March 19, 2014 - It won't do motorists any good right now, but the Oxford Village Council took action last week toward a potential long-term fix for the badly-deteriorated, pothole-ridden stretch of W. Burdick St. commonly known as cemetery hill.
Motorists are being advised to drive much slower than usual over the area of W. Burdick St. known as cemetery hill. This stretch is riddled with potholes. Photo by C.J. Carnacchio. (click for larger version)
"I want this project done," said Councilwoman Maureen Helmuth. "I drove over it myself five times this week and it's nasty."
In a 5-0 vote, council authorized village Manager Joe Young to increase the scope of the project from simply milling and resurfacing a 1,650-foot section of road between Ashley Way to S. Waterstone Dr. to completely removing and rebuilding it.
The increased scope means increasing the cost of the project from the current $378,000 to an estimated $558,000, which is how much the village's engineering firm, the Pontiac-based Nowak & Fraus, indicated it would cost in a grant application for federal aid submitted in January 2013.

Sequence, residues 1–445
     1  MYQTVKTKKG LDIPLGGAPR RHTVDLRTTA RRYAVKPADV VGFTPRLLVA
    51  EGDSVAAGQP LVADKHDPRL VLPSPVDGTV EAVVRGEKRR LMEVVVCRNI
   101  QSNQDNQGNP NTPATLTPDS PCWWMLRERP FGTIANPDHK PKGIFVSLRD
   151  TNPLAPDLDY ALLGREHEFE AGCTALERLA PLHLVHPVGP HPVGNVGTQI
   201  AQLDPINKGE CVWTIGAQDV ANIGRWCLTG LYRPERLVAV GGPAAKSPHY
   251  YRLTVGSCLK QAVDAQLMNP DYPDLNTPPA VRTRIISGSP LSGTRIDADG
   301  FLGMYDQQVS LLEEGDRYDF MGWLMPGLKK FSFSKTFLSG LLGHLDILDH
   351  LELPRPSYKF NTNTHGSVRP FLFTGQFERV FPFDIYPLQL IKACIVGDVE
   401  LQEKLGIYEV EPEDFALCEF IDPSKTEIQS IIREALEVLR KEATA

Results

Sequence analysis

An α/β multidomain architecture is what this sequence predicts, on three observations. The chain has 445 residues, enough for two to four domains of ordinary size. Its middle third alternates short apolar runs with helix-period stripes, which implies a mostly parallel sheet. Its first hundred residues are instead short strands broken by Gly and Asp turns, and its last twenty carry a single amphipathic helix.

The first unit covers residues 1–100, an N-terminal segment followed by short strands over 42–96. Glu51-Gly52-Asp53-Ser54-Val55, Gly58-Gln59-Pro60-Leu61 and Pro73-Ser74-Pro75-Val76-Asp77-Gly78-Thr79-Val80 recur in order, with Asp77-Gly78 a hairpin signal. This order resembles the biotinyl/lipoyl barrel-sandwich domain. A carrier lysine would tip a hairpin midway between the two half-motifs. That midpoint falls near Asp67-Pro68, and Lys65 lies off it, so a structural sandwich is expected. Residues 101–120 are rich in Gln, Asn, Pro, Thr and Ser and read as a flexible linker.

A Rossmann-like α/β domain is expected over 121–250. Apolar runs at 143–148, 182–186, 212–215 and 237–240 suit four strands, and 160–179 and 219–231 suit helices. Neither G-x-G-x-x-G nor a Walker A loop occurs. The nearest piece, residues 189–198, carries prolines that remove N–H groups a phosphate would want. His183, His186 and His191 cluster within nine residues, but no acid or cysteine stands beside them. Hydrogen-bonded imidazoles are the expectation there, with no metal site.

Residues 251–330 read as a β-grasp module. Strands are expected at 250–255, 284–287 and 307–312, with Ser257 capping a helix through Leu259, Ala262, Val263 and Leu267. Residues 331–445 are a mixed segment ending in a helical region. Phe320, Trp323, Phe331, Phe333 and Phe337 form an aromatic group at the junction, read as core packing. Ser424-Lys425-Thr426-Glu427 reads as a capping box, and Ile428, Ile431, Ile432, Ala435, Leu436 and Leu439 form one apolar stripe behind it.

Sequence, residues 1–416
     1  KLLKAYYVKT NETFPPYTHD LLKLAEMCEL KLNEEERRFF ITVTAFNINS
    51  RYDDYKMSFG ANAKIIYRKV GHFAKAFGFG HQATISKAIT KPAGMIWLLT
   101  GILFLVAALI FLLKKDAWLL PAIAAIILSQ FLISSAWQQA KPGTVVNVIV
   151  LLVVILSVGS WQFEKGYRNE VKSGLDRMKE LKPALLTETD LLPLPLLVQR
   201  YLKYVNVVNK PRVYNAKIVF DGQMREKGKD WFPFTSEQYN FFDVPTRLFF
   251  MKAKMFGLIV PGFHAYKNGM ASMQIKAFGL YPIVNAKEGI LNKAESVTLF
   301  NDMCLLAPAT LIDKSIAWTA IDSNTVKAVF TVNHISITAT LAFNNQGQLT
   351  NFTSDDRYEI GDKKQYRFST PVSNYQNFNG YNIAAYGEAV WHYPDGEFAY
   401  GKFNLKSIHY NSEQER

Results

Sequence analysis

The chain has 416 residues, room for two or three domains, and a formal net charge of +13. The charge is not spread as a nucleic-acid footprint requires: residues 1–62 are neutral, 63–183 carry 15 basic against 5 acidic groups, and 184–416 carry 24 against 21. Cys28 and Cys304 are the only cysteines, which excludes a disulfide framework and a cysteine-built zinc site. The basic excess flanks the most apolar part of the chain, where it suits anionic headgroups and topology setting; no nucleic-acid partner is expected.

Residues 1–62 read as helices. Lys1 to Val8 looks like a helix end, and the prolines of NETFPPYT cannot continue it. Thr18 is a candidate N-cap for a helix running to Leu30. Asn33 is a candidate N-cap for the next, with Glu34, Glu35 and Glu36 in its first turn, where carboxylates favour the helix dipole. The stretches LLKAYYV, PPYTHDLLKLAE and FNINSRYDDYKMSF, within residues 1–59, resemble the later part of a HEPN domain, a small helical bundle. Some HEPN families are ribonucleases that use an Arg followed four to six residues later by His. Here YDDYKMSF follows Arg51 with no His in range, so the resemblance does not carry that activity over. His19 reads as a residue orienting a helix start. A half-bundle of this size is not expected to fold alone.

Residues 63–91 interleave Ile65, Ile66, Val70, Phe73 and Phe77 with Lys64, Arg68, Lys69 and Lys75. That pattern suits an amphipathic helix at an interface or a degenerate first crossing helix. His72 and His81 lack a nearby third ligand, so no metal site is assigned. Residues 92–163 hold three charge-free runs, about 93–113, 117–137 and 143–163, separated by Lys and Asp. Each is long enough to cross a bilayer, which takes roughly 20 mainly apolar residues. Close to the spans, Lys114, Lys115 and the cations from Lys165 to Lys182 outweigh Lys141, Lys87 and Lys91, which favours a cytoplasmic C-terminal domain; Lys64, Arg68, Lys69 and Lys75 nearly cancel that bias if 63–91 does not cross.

"In order to do it right, it will take more money," Young told council. "In order to do it right, it's really a half-million-dollar project."
"I don't want to take the cheap way out," Helmuth said. "I just want to make sure we do it right."
Right now, the village is hoping to receive $378,000 from the state through its Roads and Risks Reserve Fund. That amount includes a $37,800 (or 10 percent) match from the village to cover preliminary engineering costs.
State Rep. Brad Jacobsen (R-Oxford) requested these funds on behalf of Oxford in early January.
The $378,000 that's been requested from the state would cover pulverizing (or milling) in place 2 inches of existing asphalt and resurfacing the road with 4 inches of new asphalt; constructing and connecting new drainage structures to the existing storm sewer system in order to effectively drain the roadway; lowering cemetery hill by 2 feet in order to improve stopping sight distance for motorists; installing curb and gutter; and widening the road from 22 to 24 feet.
Under the expanded project scope approved by council, the milling and resurfacing has been nixed.
Instead, all the past road surfaces and road base would be removed and a new road base installed atop which would sit the smooth new pavement.
"There are two or three layers of other road surfaces underneath," Young said.
Helmuth inquired as to the new road's "life expectancy."